What is our relationship with advertising?

Oct 17, 2022

Advertising is a necessary foundation of our society.  It keeps the wheels turning in a capitalist society and therefore is a good thing.  Or is it?

When I was growing up (a long time ago!) advertising was obvious and could be avoided.  If you didn’t want to watch TV adverts, it was simple, you switched to the only other TV channel, BBC.  Social media was delivered by the GPO.  If we wanted to buy a consumer durable, read Which magazine. If you wanted a nice restaurant or hotel, rely on the experts opinion in the Egon Ronay guide.  Nowadays we believe thereviews in Amazon or TripAdvisor by Ron from Rotherham or Polly from Paignton.

Advertising is now all pervasive.  We are tracked by social media pixels and the AI specifically targets us with Ads that it thinks will convert us to purchasers.  Social Media influencers tell millions of people what they should buy so that they too can live the perfect life of people like the Kardashians. It is noise that we cannot avoid.

The journey from awareness to purchase can now be one click rather than a drive to the shops.  The social pressure to own the latest thing can be infectious causing us to spend money we don’t have on something that we don’t need and be trapped in a downward cycle of instant and very short-lived gratification.

The ethical boundaries in advertising are rather fuzzy.  Advertisers will say that they are only there to inform.  It is up to the potential customer to make a rational decision based on the facts they are presenting.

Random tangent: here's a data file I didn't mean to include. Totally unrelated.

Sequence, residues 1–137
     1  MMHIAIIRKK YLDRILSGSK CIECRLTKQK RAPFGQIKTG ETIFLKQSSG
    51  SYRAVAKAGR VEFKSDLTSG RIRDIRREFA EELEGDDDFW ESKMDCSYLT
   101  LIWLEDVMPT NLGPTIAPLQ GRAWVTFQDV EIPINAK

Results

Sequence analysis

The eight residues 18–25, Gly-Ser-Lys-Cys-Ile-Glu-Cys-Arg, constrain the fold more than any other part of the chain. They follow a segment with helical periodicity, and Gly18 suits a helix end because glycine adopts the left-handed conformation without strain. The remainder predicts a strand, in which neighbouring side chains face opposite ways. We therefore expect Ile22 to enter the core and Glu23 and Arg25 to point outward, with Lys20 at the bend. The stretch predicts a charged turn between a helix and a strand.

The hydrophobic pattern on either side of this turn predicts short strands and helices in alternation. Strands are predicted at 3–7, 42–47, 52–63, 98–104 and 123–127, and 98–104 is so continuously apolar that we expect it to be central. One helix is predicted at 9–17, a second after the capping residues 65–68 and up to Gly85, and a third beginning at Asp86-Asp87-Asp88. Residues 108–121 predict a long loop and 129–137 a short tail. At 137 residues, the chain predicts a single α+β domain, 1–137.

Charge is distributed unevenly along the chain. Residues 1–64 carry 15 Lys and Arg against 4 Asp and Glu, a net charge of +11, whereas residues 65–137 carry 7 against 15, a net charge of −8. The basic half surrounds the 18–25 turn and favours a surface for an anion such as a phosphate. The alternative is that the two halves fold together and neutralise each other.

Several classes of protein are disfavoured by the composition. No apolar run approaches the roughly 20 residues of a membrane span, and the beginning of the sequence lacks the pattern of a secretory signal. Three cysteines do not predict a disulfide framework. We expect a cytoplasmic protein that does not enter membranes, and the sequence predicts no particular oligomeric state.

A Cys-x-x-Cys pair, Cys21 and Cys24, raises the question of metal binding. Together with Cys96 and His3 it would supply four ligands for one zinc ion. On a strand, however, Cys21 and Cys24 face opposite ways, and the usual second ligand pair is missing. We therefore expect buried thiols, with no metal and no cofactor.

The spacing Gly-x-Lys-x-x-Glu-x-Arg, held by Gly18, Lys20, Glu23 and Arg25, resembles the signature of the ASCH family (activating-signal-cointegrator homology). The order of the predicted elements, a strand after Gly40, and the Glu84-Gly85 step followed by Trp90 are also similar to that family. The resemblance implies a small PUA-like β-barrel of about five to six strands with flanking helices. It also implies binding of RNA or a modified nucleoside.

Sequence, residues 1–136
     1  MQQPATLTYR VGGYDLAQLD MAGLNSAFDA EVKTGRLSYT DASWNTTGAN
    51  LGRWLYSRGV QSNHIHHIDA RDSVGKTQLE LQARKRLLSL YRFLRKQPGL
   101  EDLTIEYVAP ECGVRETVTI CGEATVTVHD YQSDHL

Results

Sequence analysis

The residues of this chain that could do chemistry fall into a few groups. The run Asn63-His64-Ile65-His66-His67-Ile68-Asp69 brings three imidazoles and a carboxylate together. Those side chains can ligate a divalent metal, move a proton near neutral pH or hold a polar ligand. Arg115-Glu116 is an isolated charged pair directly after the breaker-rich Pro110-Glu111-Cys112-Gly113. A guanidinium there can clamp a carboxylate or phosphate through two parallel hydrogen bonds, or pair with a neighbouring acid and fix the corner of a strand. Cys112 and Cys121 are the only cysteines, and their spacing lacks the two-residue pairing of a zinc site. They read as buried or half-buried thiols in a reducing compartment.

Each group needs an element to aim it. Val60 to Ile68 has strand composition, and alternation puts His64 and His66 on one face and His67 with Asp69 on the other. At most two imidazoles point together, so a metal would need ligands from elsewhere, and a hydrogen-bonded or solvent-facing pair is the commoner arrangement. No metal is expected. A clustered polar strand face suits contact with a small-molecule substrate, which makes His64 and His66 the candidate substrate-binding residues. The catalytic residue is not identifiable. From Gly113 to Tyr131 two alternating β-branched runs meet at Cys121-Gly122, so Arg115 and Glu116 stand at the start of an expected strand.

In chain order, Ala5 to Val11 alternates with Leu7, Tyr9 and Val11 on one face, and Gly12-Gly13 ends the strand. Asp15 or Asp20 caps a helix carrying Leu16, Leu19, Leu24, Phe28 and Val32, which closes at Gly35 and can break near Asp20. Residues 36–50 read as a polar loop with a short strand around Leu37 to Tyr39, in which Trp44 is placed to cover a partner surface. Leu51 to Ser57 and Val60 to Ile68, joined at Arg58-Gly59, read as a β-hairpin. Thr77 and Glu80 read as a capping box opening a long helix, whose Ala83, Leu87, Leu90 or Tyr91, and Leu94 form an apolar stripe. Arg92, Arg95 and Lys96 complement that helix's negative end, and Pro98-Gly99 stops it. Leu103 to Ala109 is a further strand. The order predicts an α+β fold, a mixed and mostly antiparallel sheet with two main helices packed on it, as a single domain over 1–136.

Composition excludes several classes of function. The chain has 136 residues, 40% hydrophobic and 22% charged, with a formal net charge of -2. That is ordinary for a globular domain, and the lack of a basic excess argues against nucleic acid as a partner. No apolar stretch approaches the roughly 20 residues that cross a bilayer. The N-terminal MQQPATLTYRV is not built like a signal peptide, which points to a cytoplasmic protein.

There are significant examples of the advertisers lying about their products and causing significant harm or death.  From the 1930’s Cigarette manufacturers, particularly in the US were claiming the health benefits of smoking. Doctors were the trusted experts to support this lie. Another example is the Sackler Family, creators of the Opioid painkiller, Oxycontin. By advertising unfounded and untrue statements of the efficacy and lack of side effects of this drug, by bribing doctors, FDA officials and senators they made over $13 billion, created 1.7 million opioid addicts and killed about 250,000 people.

My interest in the relationship between advertising and the wider world was awoken by a recent visit to Barcelona Cathedral. Who in the Cathedral management thought it could ever be acceptable to desecrate a beautiful tower with a tawdry advertisement. Who in the Samsung advertising department could ever think that this was an appropriate place to advertise. Who amongst the millions of visitors would think; ‘I must go out now and buy a Galazy ZFold. If God has one, then so must I?’

All of these insidious developments in advertising and influence are doing wonders for their economies but what are they doing for our relationships with ourselves, friends, families and the planet.  Are they making the world a better place?